Your headaches though may be caused from EHS though, especially if you use a cell phone or cordless phone. EHS is an emerging environmental illne


Lady Gaga smarter than most cell phone users?

London, Aug 30 – Pop singer Lady Gaga fears excessive use of mobile phone could cause brain tumour.

'There have been various reports suggesting mobile phone use can increase your risk of developing cancer and brain tumours and even though there's no firm evidence, it really freaks her out,' quoted a source as saying.

'She's now insisting that whenever she makes a call, one of her team member dials the number for her and holds it till the call gets connected. She then listens to her calls on the speaker phone,' the source added.

Radar interference

Wind Turbine Projects Run Into Resistance -

Goals clash as the Defense Department raises concerns that wind projects can ... The impact of wind turbines on radar had been a back-burner concern for years ... Workers Absorbed Increases in Health Insurance Costs · Bernanke Manages ...


Wi-Fi Danger in School: Real or Imagined?

Sunday September 5, 2010

Katherine's Child Parenting Blog

By Katherine Lee, School-Age Children Guide

Does your school have wireless internet access? If so, have you or other parents you know ever worried about the health effects of Wi-Fi on children?

According to recent news reports, some parents in Ontario, Canada are blaming Wi-Fi in schools for causing symptoms such as headaches, dizziness, rashes, sleep and behavioral changes, and racing heartbeats in their children. According to the parents, these adverse symptoms are showing up in their children during the school week but disappear during weekends, when they are not in school.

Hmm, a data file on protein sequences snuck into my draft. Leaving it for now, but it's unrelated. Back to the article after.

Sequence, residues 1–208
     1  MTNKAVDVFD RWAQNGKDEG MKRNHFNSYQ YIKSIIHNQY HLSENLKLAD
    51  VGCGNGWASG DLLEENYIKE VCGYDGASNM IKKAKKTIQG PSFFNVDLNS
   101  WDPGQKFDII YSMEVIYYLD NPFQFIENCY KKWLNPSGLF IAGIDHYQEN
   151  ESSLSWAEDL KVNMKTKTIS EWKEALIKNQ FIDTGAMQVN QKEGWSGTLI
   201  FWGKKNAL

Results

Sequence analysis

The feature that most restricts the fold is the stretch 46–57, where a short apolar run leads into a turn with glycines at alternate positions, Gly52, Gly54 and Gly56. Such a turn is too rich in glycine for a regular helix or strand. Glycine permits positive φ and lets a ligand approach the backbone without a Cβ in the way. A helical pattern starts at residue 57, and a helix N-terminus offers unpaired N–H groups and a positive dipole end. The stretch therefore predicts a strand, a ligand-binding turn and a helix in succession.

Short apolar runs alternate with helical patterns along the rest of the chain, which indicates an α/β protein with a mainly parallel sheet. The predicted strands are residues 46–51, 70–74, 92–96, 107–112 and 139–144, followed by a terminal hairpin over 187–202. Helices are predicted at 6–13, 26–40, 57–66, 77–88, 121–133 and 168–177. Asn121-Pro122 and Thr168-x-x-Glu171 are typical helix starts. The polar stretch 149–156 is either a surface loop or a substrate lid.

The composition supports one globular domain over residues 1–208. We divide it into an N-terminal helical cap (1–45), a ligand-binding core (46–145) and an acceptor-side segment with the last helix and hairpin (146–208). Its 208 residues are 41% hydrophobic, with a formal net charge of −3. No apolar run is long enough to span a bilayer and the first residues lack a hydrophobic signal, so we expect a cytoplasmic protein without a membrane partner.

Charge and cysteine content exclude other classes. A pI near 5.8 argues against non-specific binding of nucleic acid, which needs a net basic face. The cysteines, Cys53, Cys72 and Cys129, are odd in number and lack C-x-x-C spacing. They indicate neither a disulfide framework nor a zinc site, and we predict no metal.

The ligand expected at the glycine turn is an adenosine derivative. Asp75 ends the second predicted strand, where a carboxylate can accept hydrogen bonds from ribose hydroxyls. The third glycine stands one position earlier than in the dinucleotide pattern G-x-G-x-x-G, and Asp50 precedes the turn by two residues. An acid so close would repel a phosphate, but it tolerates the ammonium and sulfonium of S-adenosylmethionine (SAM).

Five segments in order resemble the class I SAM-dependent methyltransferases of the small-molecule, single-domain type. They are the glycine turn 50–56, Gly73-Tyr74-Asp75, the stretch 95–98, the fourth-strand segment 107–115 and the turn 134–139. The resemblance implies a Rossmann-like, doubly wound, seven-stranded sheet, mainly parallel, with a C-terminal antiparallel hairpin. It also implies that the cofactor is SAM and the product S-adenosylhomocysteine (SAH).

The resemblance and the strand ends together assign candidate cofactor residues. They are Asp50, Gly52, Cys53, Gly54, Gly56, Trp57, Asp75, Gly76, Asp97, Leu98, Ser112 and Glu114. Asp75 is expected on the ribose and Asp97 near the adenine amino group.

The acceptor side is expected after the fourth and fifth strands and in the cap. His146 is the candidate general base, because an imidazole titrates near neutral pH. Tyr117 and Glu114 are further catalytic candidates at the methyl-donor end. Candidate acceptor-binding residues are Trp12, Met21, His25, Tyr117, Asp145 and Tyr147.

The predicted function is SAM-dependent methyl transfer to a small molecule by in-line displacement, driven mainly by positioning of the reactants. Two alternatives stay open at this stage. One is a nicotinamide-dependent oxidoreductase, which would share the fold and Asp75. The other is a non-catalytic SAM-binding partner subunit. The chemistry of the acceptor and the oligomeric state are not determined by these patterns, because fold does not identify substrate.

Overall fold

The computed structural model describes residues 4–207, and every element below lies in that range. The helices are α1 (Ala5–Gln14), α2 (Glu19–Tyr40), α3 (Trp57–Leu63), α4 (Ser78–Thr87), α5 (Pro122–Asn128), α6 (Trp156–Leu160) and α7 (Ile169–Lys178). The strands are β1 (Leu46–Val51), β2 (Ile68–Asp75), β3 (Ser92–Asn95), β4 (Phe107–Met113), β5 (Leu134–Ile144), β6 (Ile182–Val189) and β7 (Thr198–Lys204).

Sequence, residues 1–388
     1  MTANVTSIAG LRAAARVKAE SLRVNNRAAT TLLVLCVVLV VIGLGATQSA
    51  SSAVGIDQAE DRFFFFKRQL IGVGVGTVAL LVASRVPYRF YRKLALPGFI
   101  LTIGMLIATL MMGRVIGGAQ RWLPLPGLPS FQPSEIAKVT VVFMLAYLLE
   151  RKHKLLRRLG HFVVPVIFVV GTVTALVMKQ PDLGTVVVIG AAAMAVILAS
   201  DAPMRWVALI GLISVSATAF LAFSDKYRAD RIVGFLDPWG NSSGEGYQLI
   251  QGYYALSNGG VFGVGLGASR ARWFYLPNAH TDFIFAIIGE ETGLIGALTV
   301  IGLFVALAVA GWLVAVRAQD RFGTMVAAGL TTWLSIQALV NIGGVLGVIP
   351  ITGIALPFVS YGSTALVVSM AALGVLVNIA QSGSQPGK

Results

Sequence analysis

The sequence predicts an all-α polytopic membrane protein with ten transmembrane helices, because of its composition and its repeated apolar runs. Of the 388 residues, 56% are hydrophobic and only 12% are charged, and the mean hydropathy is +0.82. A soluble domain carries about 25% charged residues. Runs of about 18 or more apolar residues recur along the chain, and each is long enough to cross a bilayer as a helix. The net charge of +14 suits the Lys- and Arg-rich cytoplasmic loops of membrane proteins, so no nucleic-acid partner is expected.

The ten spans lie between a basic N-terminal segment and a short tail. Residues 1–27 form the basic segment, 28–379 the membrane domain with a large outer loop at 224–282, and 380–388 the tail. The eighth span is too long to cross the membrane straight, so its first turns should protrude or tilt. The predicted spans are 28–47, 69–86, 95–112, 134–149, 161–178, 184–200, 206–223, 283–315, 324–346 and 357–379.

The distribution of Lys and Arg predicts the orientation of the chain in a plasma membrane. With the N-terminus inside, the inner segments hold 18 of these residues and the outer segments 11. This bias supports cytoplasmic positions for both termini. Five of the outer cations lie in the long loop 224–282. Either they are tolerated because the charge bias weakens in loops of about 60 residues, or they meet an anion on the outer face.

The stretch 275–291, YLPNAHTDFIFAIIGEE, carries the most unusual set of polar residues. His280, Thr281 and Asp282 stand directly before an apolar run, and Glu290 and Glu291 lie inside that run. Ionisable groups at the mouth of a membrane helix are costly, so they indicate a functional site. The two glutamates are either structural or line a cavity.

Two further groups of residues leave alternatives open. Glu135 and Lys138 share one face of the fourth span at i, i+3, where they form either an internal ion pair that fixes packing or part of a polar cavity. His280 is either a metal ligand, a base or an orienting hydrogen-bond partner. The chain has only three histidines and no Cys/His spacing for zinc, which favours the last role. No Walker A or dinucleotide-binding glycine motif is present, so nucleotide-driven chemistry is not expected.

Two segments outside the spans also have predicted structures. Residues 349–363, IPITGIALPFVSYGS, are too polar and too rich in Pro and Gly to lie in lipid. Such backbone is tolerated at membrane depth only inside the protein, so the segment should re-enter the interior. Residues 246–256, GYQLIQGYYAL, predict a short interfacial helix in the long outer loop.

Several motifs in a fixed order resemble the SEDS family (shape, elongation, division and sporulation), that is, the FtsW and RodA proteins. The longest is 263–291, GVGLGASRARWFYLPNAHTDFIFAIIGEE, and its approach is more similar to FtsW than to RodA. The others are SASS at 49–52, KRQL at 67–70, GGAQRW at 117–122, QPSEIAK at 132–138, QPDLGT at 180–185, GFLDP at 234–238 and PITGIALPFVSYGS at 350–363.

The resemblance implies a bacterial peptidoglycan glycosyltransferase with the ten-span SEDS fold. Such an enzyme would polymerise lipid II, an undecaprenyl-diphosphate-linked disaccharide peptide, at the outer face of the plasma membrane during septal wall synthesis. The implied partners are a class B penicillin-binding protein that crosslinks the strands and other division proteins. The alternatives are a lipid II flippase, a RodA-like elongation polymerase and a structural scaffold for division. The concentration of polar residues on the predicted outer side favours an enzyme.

Many schools in the U.S., have already implemented wireless internet service, and some districts are even beginning to install Wi-Fi in school buses.

Critics of Wi-Fi in schools point to suggestions such as those of Susan Clarke, a former research consultant to the Harvard School of Public Health. According to Clarke, radiation such as that from Wi-Fi may cause negative physiological and neurological effects, and may be particularly harmful to children.

Those who support Wi-Fi in schools, on the other hand, point to research that shows no ill health effects of Wi-Fi, and point out that other technology, such as cell phones and cordless telephones, also use wireless technology. They also note that the level of radiation exposure from Wi-Fi is much less than the levels from using TVs or FM radios.

Frankly, I think we need more research to show a definitive link between wireless technology and negative health symptoms in children. But that doesn't mean that we should dismiss or discount the reports from parents who say that their children are negatively affected by Wi-Fi. After all, couldn't these children just be more sensitive to something that's affecting all kids, much like canaries in coalmines?

It should also be noted that this technology is fairly new (we didn't have widespread use of cell phones thirty years ago, for instance). So whatever long-term negative health effects may be caused by children being exposed to this technology is impossible to measure just yet.

In the meantime, I'm keeping my eyes peeled for any info about wireless tech and the effect on children. My son's school has it, and we have it in our home. And like most homes in the U.S., we have a cordless telephone.

In fact, I'm considering making changes, even before definitive studies appear, just to be on the safe side. I love the convenience of technology, but it isn't worth taking even a small chance when it comes to my child's health.